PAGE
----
Our Response to the American Academy of Pediatrics Guidelines on Care for Kids in Larger Bodies

By Anne Marie O’Melia

As the leading providers of eating disorder treatment at higher levels of care, we strongly oppose the Clinical Practice Guideline for the Evaluation and Treatment of Children and Adolescent Obesity recently released by the American Academy of Pediatrics (AAP). Each year, approximately 1,700 children and adolescents enter our treatment programs with diagnoses across the spectrum of eating disorders, so we see firsthand the harm caused when a child’s relationship to food and their body is damaged. We also know that damage can begin or be progressed during medical care.

The statements made and recommended treatment approaches within these guidelines, including bariatric surgery for children as young as 13 and weight loss medication for children as young as 12, perpetuate harmful weight stigma and move us further away from achieving universal weight-inclusive care. These guidelines include minimal guidance about screening for, or treatment of, disordered eating. As currently written, we expect these guidelines will cause harm and put young people at risk of developing or worsening eating disorders, disordered eating, and other mental and physical health issues.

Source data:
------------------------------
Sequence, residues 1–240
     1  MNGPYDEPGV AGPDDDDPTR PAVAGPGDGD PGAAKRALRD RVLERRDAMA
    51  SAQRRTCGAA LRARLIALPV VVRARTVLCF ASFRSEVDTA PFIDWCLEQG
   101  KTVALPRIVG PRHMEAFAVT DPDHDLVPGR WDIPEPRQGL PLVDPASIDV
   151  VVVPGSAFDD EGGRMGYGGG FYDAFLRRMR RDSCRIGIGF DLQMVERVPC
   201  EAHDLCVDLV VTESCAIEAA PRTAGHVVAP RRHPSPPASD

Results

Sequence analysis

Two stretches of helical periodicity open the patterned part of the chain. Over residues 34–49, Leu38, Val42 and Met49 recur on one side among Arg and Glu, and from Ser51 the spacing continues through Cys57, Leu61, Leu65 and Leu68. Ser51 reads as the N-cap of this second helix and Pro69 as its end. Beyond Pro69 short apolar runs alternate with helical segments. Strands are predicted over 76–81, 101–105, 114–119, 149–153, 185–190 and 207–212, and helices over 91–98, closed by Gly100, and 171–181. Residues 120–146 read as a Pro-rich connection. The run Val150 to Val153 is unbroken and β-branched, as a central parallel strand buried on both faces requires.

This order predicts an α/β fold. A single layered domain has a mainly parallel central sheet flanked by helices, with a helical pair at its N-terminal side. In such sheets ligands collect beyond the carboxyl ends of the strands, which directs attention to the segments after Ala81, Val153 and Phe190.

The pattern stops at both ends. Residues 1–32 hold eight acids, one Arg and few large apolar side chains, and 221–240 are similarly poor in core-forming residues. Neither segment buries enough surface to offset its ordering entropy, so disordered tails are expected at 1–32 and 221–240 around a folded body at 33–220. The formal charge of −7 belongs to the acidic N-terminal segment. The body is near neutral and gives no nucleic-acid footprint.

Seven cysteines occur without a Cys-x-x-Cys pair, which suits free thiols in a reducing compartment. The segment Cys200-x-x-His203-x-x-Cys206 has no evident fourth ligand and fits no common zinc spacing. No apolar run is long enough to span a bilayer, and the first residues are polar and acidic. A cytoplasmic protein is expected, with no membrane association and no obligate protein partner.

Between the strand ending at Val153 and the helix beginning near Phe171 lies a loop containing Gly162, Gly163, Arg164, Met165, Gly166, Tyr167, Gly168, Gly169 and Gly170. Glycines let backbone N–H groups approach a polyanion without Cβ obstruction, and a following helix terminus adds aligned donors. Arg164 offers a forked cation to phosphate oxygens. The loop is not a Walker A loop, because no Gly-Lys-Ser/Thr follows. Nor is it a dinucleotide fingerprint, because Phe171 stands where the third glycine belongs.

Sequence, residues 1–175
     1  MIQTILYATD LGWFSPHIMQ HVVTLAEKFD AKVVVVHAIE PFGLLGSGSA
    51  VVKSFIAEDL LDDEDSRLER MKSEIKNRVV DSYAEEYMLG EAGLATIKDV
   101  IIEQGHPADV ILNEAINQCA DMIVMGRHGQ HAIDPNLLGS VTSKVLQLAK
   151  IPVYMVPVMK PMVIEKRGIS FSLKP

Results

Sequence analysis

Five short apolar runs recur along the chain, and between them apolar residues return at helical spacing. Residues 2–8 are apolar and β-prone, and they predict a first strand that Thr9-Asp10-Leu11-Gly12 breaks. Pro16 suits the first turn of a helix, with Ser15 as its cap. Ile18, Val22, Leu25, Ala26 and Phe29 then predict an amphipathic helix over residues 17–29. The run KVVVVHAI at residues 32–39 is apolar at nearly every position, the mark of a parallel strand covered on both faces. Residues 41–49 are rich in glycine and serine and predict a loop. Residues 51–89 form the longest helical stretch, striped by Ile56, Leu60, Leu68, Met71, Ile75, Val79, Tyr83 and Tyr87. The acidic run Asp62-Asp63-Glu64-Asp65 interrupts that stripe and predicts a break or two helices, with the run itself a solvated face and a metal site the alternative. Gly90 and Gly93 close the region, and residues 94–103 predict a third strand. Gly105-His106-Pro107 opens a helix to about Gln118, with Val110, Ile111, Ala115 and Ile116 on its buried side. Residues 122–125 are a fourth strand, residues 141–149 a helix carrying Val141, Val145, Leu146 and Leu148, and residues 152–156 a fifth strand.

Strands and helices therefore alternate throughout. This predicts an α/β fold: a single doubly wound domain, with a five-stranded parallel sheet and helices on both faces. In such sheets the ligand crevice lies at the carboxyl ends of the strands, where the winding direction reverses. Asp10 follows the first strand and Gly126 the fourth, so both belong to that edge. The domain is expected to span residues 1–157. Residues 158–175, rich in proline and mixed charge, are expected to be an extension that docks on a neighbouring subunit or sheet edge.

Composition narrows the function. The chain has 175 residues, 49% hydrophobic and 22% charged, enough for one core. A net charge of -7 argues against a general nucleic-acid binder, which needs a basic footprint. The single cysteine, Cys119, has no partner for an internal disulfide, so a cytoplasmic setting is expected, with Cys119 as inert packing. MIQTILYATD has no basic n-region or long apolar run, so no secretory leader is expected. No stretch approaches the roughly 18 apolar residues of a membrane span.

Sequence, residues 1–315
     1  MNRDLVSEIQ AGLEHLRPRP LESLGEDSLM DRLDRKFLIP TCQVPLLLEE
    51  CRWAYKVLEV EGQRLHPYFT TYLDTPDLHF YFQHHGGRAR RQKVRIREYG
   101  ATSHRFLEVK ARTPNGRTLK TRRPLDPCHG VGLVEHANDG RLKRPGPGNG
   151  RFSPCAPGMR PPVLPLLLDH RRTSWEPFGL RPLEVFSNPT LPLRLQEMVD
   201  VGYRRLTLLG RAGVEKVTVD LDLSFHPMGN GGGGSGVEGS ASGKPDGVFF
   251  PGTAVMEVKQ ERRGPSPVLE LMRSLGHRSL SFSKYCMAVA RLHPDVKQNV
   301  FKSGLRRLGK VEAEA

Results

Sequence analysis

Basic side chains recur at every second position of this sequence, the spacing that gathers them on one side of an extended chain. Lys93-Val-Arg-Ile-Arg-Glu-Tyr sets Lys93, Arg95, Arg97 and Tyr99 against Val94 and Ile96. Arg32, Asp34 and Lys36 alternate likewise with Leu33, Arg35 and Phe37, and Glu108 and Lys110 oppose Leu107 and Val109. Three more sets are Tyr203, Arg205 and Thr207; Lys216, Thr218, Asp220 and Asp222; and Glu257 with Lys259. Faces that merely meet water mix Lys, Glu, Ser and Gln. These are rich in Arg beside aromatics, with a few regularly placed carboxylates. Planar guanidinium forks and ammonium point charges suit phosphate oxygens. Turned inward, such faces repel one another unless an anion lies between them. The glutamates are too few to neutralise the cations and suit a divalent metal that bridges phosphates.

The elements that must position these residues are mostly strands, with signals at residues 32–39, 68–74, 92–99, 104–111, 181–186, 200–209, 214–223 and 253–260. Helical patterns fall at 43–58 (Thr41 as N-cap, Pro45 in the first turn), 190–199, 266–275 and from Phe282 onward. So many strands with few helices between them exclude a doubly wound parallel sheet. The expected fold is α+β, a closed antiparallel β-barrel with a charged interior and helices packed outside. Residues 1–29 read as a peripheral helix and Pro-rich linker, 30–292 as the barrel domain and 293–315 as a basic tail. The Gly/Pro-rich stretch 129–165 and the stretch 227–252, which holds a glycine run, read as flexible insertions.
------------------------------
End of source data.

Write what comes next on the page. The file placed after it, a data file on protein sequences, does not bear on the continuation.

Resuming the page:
We support the Academy for Eating Disorders' position on this issue and will be countering the AAP's guidance with a research-based response.

We urge the AAP to work with us and other pediatric experts in weight-inclusive care and eating disorders to reconsider and rewrite these guidelines to include more appropriate screening and support for the safety and wellbeing of our children and adolescents.

Take action today by signing our new petition. We will send this signed petition to the AAP along with the research-based response being developed by our clinical experts. Join us on social media to raise awareness and share why you support #CareForKidsInEveryBody.

Written by

Anne Marie O’Melia

Anne Marie O’Melia, MS, MD joined the medical staff at Eating Recovery Center in 2014. She is a Triple Board trained physician, with board certifications in Pediatrics and General Psychiatry. She also…

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